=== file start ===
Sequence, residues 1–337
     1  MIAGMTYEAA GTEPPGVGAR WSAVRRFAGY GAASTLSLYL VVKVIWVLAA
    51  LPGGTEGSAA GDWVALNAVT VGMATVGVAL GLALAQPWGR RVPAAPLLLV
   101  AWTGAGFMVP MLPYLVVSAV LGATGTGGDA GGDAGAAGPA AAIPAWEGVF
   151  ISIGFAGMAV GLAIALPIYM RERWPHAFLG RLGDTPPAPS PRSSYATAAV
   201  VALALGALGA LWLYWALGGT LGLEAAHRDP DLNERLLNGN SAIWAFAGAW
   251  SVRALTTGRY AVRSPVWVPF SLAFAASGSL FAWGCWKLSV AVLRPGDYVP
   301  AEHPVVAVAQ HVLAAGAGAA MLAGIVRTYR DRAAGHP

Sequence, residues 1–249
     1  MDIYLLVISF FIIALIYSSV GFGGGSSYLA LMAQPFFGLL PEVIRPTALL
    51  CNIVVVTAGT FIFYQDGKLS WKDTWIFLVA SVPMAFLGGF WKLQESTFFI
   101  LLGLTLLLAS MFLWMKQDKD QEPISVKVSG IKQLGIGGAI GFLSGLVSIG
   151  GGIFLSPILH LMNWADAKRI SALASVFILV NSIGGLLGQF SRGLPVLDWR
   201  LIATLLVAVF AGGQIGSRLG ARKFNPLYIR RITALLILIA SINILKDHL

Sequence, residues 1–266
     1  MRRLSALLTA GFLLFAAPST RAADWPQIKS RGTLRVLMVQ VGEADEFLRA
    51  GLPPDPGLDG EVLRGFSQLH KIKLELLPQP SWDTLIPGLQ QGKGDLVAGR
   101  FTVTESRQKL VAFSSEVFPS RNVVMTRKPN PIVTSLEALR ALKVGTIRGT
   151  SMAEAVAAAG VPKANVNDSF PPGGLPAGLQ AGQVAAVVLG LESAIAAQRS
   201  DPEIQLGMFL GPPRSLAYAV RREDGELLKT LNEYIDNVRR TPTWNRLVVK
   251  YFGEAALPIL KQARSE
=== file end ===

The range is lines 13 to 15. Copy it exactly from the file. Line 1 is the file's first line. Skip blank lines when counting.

   151  GGIFLSPILH LMNWADAKRI SALASVFILV NSIGGLLGQF SRGLPVLDWR
   201  LIATLLVAVF AGGQIGSRLG ARKFNPLYIR RITALLILIA SINILKDHL

Sequence, residues 1–266